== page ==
If there’s anything that one would notice from listening to this band’s debut, it’s that they’re very, very, very technically proficient. The blues-rock/hard rock sound that this band produces is top-notch and sounds like something one might hear from a 70's rock band at the top of their game.

This album is chock-full of awesome guitar solos, group vocals and good old-fashioned rock and roll.

The album begins with “Beguiled Ambiguity” which immediately shows the listener what this band is all about. It uses interesting percussion in addition to the drums and introduces lead singer Kevin Johnson’s half-yelling vocals, as well as their killer solos.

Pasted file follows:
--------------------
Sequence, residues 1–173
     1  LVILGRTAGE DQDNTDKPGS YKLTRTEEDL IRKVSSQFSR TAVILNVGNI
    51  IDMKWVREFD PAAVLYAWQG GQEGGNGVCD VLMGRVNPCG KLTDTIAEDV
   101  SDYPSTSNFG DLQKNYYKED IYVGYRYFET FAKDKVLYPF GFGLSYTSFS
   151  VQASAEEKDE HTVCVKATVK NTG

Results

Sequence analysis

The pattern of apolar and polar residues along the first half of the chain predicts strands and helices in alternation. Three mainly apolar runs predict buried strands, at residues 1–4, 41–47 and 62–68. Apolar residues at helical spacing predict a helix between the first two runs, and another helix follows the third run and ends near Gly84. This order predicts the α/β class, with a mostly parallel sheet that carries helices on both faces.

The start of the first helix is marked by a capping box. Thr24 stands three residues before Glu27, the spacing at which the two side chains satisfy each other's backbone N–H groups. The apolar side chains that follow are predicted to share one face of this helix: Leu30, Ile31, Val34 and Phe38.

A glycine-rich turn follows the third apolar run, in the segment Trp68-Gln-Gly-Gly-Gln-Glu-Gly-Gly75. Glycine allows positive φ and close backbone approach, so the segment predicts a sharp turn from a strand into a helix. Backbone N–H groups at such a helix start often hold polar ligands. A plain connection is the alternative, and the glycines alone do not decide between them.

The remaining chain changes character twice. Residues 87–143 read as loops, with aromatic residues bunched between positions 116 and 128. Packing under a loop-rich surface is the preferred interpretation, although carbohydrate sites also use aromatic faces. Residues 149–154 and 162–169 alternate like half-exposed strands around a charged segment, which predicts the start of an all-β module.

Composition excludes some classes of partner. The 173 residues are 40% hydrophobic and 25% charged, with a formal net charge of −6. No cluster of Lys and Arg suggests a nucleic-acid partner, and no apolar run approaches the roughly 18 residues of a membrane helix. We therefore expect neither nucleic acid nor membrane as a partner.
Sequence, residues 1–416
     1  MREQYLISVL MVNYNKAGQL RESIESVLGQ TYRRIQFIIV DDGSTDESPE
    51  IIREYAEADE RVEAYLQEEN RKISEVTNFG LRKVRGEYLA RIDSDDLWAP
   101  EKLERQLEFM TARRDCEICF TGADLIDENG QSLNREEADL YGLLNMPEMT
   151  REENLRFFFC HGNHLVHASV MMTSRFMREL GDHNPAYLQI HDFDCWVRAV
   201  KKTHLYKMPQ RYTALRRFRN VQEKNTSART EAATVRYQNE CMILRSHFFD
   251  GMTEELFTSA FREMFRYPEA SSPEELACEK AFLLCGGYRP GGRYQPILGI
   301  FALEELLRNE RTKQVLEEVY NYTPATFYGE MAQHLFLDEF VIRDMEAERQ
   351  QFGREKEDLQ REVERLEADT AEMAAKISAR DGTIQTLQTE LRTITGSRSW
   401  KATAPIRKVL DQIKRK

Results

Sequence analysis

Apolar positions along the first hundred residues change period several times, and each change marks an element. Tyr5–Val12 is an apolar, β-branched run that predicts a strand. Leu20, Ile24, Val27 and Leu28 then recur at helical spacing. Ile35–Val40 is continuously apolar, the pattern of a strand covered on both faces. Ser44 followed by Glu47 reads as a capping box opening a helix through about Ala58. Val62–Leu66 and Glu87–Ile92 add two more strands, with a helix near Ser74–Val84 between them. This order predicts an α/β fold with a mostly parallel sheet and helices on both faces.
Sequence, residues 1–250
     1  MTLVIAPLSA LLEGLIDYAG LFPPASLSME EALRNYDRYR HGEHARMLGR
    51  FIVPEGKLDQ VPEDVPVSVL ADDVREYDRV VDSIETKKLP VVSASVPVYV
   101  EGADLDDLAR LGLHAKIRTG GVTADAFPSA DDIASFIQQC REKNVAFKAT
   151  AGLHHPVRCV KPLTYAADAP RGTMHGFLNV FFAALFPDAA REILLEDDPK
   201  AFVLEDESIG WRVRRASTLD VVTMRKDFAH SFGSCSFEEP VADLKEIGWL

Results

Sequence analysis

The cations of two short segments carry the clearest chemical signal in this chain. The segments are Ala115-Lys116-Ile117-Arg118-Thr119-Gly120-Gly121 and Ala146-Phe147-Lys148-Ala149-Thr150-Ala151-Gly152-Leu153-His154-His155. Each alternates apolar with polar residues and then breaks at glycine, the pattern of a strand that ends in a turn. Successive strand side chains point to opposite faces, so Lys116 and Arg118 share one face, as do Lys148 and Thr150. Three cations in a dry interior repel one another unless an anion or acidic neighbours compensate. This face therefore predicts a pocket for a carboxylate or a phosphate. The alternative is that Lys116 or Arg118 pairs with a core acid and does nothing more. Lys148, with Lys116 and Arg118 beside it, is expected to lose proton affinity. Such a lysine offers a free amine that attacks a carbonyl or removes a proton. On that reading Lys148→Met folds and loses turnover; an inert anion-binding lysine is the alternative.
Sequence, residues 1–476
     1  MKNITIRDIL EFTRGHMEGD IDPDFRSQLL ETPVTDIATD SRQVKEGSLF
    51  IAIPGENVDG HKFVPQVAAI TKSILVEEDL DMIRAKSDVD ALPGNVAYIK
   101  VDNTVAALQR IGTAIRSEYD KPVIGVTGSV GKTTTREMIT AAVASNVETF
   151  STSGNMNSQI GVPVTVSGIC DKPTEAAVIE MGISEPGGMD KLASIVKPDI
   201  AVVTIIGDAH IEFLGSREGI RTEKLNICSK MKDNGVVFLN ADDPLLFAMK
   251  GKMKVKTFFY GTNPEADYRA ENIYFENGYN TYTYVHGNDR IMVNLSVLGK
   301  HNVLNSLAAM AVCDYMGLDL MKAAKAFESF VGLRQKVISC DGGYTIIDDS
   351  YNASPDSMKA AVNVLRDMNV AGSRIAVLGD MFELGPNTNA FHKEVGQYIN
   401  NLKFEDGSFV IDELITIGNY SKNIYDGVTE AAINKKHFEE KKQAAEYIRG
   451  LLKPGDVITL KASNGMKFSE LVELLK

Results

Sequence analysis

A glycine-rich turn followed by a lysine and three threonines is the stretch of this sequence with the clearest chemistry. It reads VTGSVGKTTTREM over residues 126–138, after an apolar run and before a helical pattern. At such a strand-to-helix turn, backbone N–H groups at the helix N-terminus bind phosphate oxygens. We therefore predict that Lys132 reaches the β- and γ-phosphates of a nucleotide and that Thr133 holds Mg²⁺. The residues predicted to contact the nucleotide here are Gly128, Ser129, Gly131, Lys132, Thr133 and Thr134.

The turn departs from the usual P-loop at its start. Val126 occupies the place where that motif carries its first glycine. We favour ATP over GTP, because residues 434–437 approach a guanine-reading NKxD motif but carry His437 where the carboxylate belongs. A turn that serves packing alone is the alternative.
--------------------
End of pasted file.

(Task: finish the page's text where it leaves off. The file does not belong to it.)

By the time the band moves onto “Electricutie” the band is in top form. This song in particular has that same rock vibe, but this time with group vocals somewhat reminiscent of a barbershop quartet. Fantastic stuff.

“Things Will Never Change” has a pretty cool history behind it. Andrew Whiteman of Broken Social Scene and Apostle of Hustle mentored the group for a short time and guided them on this track. You can hear a bit of Whiteman’s quirkiness even though he himself doesn’t appear on the track. It makes for an interesting reference point.

“Rockin’ Daddy” is pretty self-explanatory- it’s a pure dose of rock n’ roll. “The Rain Came” showcases the more mellow, blues-y side of the band just in case you thought they were all about the rock and guitar solos.